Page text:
Vietnam's war-time negotiator, Le Duc Tho, dies in Hanoi at 79

October 14, 1990|By New York Times News Service

Le Duc Tho, the chief North Vietnamese negotiator at th Paris talks that led to the 1973 Vietnam cease-fire agreement and the withdrawal of the last American troops from Vietnam, died yesterday in Hanoi at 79.

Japan's Kyodo news agency said Mr. Tho died of cancer of the throat and had been hospitalized in Vietnam since his return in April from medical treatment in Paris.

Mr. Tho, a hard-line communist, was a member of Hanoi's Communist Party Politburo from 1955 to 1986, when he resigned in a party reshuffle, having risen to be one of the three most powerful Vietnamese leaders. He still influenced Vietnamese politics afterward.

Beginning in 1969, Mr. Tho held recurrent secret negotiating sessions in Paris with Henry A. Kissinger, then national security adviser to President Richard M. Nixon. The two men initialed the armistice accord on Jan. 23, 1973 and President Nixon called it "an agreement to end the war and bring peace with honor."

Mr. Tho and Mr. Kissinger were jointly awarded the 1973 Nobel Peace Prize for that work, though fighting between Vietnamese forces continued. Mr. Tho, the first Asian chosen for the honor, refused it, saying that "peace has not yet been established."

An expert on South Vietnam, he was later sent there from Hanoi to oversee the final, victorious communist offensive in 1975 that brought the fall of the Saigon government and the merging of North and South Vietnam into a single communist-ruled state.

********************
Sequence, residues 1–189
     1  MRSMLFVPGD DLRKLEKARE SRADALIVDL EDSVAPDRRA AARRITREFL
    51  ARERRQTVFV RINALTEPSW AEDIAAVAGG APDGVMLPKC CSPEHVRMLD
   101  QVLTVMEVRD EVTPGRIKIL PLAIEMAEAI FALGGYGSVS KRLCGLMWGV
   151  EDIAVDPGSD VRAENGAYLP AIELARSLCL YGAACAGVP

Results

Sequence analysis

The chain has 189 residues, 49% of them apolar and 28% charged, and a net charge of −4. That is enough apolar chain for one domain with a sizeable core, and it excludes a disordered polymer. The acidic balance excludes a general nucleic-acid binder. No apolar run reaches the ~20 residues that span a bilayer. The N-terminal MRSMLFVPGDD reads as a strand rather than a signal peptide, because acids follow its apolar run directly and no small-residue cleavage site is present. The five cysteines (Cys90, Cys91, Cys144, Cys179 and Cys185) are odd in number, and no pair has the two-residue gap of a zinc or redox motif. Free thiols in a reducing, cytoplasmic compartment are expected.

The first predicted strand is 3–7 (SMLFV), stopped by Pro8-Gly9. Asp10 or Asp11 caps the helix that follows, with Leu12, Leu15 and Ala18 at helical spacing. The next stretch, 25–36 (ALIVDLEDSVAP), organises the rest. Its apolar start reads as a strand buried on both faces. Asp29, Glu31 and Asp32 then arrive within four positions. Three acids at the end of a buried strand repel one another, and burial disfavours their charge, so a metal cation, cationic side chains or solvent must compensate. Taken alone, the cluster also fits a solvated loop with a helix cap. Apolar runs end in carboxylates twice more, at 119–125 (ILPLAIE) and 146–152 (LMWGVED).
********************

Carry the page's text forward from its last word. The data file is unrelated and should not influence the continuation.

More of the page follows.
Robert Shaplen, an American expert on Asia who interviewed Mr. Tho in 1984 in Hanoi, reported that he also directed an invasion of Cambodia by Vietnam in 1978.

The name Le Duc Tho (pronounced lay dook toe) is a pseudonym that Mr. Tho is said to have assumed decades earlier in his political career. An aura of ideological vehemence still clung to him at Paris. Mr. Kissinger, in "Years of Upheaval," described him as a "dour, dedicated revolutionary."

He spurred mixed feelings in Mr. Kissinger, who wrote that his adversary's "subtlety, his acumen, his iron self-discipline," were admirable, and "in all the years of negotiation with me he never lost his poise; he never made a mistake."

"As a professional Leninist he despised the bourgeois values of compromise I put forward," Mr. Kissinger observed, "and the effrontery of his deceptions inside and outside the conference room could be enraging."

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